As with the UCAT, you are only allowed to sit the BMAT once per admissions cycle; usually candidates have two sitting options but due to COVID-19, candidates can only sit BMAT in November this year.
Whilst both have upsides, you will know your BMAT score before the UCAS deadline with the September sitting, however sitting the BMAT in November means that you have more time to prepare.
The BMAT is by no means an easy test. Read on to find out my top six tips for BMAT success:
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BMAT is not negatively marked, which means that it is definitely worth guessing the answers to any questions you may not have had time to answer – you may even get rewarded with a couple of extra marks.
Since you do not lose marks for any wrong answers, even narrowing down the options for any questions you may not have enough time to work through fully means an educated guess is worth putting down.
Read about changes to BMAT for 2020
The BMAT website contains a wealth of practice papers – from 2003 to last year’s papers.
There are the most realistic questions you can do as not only were they made the test makers, but they actually formed previous years’ tests.
Since there are so many papers, it is worth doing some of them through as full practice exams (i.e. all three sections timed) and taking them question by question, working through and getting to grips with question styles.
There are also a couple of past papers with the answers explained, which can help show you the logic certain questions require. This means you’ll have a better chance of being able to work out how to answer future questions using similar logic.
By looking at previous years’ essay questions (section three) and trying them out, you should get an idea of the kinds of questions BMAT asks and also learn how to write concisely – so that your essay fits in the given space and is good quality writing.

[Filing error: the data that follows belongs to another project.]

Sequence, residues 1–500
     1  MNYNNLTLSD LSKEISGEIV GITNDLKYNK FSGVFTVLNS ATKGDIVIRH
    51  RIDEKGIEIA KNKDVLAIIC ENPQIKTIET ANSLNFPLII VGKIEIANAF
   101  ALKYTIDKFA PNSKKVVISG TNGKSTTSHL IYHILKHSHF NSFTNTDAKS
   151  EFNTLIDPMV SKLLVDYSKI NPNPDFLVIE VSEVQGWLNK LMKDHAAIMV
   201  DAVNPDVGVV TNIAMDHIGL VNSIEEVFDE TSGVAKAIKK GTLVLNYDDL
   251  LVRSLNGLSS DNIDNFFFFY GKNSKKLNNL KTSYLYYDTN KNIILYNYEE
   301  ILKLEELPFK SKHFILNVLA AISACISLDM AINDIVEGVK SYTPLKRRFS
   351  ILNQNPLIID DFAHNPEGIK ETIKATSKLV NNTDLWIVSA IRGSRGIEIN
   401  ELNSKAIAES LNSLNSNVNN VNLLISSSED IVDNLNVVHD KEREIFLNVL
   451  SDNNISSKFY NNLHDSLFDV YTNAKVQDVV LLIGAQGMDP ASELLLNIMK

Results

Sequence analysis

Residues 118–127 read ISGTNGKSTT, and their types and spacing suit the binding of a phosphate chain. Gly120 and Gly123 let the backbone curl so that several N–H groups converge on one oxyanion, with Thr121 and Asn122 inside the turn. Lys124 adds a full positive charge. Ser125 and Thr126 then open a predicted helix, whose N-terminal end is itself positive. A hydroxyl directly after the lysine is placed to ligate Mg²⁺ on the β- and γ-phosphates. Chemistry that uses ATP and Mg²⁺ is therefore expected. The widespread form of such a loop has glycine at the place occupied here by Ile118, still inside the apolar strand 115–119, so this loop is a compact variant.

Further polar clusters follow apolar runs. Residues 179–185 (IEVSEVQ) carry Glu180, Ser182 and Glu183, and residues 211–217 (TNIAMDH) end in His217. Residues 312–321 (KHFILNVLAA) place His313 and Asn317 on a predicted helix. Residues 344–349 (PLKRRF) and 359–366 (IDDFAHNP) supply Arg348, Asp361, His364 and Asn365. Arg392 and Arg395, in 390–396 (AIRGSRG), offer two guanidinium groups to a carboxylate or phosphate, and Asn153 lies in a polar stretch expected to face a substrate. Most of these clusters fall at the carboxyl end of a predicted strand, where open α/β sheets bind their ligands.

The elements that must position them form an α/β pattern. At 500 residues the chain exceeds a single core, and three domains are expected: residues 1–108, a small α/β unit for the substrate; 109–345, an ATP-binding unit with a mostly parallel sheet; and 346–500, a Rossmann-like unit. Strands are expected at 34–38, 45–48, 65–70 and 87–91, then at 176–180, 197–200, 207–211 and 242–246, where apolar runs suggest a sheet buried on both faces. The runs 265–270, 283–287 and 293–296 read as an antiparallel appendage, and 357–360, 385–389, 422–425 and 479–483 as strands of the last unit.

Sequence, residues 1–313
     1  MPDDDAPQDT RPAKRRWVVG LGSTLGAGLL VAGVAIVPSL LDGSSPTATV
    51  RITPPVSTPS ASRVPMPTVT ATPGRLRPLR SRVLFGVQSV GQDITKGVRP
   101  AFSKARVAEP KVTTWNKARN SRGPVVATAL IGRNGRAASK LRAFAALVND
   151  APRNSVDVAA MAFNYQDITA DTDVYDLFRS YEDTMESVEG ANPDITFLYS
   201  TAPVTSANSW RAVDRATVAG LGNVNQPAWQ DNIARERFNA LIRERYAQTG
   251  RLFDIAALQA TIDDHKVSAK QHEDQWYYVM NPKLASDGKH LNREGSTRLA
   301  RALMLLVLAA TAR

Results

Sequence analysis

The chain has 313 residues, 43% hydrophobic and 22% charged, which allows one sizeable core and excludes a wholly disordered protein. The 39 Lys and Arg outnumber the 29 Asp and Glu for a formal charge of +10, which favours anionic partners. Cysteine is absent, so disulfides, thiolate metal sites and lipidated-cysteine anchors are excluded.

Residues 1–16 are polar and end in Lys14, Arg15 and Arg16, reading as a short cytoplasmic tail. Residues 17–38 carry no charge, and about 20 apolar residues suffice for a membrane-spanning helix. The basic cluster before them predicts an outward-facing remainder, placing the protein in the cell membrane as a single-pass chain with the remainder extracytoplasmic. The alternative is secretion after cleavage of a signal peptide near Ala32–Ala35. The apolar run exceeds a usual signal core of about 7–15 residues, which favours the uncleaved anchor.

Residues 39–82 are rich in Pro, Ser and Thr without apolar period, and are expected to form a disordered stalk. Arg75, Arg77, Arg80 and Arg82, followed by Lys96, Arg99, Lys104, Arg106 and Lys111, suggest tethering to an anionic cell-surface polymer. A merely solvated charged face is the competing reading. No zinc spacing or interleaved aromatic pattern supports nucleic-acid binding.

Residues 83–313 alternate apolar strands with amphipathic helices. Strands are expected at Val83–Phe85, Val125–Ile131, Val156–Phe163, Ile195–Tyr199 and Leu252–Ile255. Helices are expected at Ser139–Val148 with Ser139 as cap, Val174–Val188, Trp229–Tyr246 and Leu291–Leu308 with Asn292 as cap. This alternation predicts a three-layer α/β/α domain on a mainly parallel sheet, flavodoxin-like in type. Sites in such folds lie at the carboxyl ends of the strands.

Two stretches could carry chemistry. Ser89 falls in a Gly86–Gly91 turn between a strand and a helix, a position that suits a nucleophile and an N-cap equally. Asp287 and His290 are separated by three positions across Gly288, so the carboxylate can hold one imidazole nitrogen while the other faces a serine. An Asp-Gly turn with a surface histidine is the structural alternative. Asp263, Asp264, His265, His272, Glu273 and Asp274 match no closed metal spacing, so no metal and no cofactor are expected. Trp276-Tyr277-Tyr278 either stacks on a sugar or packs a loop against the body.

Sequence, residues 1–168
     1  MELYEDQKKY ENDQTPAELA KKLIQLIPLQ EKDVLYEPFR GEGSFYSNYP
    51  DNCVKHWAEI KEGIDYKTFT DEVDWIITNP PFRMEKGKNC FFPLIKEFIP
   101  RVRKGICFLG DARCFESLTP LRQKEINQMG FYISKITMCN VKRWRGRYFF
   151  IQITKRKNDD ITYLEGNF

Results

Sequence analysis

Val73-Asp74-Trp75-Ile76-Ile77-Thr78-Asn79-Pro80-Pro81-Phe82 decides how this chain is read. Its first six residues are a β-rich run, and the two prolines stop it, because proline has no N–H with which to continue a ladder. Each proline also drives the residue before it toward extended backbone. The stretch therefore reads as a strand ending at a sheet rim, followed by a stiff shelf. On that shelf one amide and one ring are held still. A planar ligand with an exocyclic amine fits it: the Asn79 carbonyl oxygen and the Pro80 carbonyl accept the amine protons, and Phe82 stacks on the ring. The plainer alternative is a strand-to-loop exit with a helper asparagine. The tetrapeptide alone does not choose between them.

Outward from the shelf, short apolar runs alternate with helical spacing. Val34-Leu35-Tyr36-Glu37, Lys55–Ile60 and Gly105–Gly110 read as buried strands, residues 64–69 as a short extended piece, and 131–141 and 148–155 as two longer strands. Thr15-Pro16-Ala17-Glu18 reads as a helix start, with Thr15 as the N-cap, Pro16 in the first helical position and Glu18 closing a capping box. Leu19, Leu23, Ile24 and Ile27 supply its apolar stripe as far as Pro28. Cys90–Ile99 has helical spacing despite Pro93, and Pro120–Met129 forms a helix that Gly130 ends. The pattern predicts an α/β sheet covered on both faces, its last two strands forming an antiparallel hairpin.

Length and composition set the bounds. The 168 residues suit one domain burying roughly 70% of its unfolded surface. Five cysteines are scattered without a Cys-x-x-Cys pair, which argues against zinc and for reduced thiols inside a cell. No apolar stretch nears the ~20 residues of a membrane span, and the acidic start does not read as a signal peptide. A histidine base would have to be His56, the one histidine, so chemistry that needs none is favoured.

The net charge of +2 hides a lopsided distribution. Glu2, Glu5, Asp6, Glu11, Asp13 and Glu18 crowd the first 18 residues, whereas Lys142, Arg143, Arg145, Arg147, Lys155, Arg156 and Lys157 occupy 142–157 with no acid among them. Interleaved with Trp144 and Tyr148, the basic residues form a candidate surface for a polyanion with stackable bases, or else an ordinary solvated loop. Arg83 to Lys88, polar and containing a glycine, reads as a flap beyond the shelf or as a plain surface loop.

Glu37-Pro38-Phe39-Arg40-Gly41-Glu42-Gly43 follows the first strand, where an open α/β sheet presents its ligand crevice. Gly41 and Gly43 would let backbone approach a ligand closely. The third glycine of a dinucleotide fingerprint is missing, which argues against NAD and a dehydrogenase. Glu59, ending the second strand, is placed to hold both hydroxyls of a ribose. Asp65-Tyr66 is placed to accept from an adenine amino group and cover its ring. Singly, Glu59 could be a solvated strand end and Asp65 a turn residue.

Read about last minute BMAT revision tips
Since this comes from the test makers themselves, it’s the most accurate guidance on this section and outlines topics you need to know for the exam.
This means you can look over any topics you may have forgotten and, if necessary, learn any material you may not have covered previously. This guide is available for free.
Much of section two is about applying knowledge but this section does require a core base knowledge, which means you can definitely prepare for it more straightforwardly than the other sections.
Read about BMAT scores
BMAT questions are not easy and are quite conceptual, which means they are often time consuming, but still doable.
Making sure you incorporate timed practice into your preparation means that you will be much better prepared to take the BMAT and help you work out how best to use the time available to sit the BMAT.
Read about BMAT universities
Although it is not definite, sometimes NHS ‘hot topics’ have formed the base of one of the BMAT essay options.
Wider reading over time can help prepare you if such a topic comes up – you will have evidence to back up your points and should an interviewer ask about your essay further down the line, you will be in a stronger position to talk about your essay and its content.
BMAT is not an easy exam and giving yourself some time to prepare is essential; it is best to decide whether to take the BMAT early on in the application process, so you can factor in time to ensure you are ready for the test.
If you decide to take the BMAT in September, you must register yourself at a test centre – don’t forget to do this and remember the earlier you register the better, as spaces are limited.
The bottom line is practising over time and in advance, making sure you resolve any timing issues and are familiar with the test format can ultimately help boost your BMAT score.
It is also worth remembering that the longer you have to prepare, the better prepared you will be to take the BMAT.
Words: Nafisa Barma
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